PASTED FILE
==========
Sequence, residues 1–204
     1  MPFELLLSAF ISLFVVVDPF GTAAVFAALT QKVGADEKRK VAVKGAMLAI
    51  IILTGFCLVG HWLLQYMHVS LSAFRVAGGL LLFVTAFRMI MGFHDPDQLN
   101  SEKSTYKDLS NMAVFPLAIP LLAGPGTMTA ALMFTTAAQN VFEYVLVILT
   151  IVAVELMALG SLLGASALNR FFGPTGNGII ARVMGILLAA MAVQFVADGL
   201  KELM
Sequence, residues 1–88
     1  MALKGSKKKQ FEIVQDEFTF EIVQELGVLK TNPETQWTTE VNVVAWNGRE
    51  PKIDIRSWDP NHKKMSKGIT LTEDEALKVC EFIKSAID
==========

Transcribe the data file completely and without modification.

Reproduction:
Sequence, residues 1–204
     1  MPFELLLSAF ISLFVVVDPF GTAAVFAALT QKVGADEKRK VAVKGAMLAI
    51  IILTGFCLVG HWLLQYMHVS LSAFRVAGGL LLFVTAFRMI MGFHDPDQLN
   101  SEKSTYKDLS NMAVFPLAIP LLAGPGTMTA ALMFTTAAQN VFEYVLVILT
   151  IVAVELMALG SLLGASALNR FFGPTGNGII ARVMGILLAA MAVQFVADGL
   201  KELM
Sequence, residues 1–88
     1  MALKGSKKKQ FEIVQDEFTF EIVQELGVLK TNPETQWTTE VNVVAWNGRE
    51  PKIDIRSWDP NHKKMSKGIT LTEDEALKVC EFIKSAID